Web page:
How Great Cities Are Fed: A lecture with Karen Karp

The Final Mile: How Great Cities Are Fed

A Lecture by Karen Karp

Photo credit: Flickr user Anthony Quintano (Creative Commons License)

In 1929, Walter Hedden published “How Great Cities Are Fed,” a richly detailed study of New York City’s food system commissioned in the face of a looming railroad strike. Amazingly, it remains the most recent comprehensive study of its kind to this day. Join New York-based food systems expert Karen Karp, president of Karp Resources, for a very special public lecture to kick off The Final Mile.

Karp, currently in the midst of producing a podcast on contemporary urban food systems inspired by Hedden’s seminal work, will frame the relationship between food and cities and lay out some of the key issues that we will explore over the coming year.

Learn about how the movement of food has impacted the shape, look, and flow of the physical city: its buildings, its infrastructure, and its public spaces. Discover how the evolution of the food system has mirrored (and even facilitated) historical population shifts, and consider how current trends might re-shape the city again over the coming decades, as New York City looks to add another 1.5 million residents by 2030. A conversation with Robert LaValva, founder and president of the New Amsterdam Market, will follow the talk.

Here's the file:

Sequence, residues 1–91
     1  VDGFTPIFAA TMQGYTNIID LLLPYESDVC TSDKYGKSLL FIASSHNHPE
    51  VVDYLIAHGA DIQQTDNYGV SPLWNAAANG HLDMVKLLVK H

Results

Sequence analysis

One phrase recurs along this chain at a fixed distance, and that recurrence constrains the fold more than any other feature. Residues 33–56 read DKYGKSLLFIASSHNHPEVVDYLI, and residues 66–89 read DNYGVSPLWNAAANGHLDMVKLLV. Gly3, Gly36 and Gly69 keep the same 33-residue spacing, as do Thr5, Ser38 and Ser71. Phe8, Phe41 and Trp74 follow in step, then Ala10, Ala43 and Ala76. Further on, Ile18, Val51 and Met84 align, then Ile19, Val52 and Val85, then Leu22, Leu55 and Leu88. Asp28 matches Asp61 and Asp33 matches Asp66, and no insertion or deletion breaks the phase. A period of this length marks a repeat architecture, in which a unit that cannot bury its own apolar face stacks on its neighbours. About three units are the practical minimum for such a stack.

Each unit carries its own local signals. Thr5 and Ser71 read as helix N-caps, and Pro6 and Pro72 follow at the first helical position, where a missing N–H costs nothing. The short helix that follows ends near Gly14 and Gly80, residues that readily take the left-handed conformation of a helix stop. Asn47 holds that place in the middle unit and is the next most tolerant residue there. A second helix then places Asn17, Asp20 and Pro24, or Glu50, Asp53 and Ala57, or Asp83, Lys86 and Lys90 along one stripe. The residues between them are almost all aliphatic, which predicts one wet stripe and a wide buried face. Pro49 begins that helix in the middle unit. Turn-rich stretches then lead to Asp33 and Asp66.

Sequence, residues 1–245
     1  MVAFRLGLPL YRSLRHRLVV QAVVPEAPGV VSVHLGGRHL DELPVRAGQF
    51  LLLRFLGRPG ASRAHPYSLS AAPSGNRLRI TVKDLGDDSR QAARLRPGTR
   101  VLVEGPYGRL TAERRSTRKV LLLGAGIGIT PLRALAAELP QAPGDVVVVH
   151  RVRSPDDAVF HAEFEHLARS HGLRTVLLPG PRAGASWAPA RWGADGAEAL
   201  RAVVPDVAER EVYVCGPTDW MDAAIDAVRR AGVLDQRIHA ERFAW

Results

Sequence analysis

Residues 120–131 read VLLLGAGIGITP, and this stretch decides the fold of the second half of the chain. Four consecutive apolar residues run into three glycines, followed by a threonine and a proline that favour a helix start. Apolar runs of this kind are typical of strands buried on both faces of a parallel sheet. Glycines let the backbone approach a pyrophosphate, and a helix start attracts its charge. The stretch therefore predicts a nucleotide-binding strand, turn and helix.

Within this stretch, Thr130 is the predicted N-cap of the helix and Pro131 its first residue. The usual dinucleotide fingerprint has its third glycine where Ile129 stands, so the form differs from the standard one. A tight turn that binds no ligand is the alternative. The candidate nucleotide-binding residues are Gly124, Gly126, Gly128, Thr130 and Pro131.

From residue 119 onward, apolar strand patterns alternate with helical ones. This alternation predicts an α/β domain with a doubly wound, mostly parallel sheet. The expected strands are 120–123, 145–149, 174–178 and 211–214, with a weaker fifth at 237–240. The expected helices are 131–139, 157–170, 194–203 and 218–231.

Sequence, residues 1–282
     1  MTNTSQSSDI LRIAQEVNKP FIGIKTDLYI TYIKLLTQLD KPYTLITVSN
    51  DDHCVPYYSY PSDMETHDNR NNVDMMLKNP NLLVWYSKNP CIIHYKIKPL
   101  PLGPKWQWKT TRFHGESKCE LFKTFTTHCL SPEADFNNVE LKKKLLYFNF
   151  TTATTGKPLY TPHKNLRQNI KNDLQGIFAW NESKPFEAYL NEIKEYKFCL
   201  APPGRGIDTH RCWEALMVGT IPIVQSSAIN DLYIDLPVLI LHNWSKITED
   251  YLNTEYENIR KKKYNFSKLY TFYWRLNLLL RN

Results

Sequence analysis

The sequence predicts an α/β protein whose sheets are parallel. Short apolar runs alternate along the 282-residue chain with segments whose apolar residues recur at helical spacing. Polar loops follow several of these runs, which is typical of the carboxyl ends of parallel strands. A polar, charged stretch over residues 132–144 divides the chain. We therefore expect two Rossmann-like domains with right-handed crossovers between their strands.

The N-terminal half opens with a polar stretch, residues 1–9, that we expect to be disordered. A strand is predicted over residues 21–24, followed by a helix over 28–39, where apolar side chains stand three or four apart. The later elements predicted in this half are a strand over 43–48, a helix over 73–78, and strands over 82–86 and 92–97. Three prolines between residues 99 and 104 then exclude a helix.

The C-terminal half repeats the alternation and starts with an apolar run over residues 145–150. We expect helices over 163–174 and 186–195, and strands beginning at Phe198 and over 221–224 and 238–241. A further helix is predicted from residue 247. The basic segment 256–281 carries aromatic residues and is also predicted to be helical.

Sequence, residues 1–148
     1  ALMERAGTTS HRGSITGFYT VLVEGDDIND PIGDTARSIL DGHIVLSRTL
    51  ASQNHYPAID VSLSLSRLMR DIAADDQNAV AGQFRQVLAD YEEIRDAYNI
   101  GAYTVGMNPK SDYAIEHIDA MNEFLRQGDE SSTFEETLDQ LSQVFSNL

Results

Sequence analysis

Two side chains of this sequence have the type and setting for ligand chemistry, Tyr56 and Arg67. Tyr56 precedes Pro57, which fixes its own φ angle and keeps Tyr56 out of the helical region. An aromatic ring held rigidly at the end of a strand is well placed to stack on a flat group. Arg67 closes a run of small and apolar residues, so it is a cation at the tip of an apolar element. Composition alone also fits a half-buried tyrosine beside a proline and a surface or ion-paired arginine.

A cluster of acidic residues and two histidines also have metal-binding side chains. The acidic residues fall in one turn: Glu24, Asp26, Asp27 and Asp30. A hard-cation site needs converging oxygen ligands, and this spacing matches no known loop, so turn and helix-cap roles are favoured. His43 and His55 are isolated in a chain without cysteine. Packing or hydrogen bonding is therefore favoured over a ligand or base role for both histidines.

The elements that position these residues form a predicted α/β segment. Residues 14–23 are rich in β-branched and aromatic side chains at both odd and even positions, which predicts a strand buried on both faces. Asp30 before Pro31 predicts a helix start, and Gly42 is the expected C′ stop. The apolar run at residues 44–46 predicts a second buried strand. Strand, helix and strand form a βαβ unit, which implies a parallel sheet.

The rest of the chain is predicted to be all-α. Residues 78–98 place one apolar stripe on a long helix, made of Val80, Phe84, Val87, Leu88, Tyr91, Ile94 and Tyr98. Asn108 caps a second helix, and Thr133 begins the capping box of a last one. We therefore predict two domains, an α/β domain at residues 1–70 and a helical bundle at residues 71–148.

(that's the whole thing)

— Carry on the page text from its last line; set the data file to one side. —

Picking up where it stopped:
The Final Mile: Food Systems of New York is a year-long series of public programs, organized by Open House New York as part of its ongoing Urban Systems Series. The Final Mile is intended to shed light on New York City’s dynamic and multi-layered food economy while introducing and exploring approaches to render this invisible system more tangible.

The Final Mile: Food Systems of New York is made possible with generous support from the Reba Judith Sandler Foundation.

SVA Theatre
333 West 23rd Street
New York, NY 10011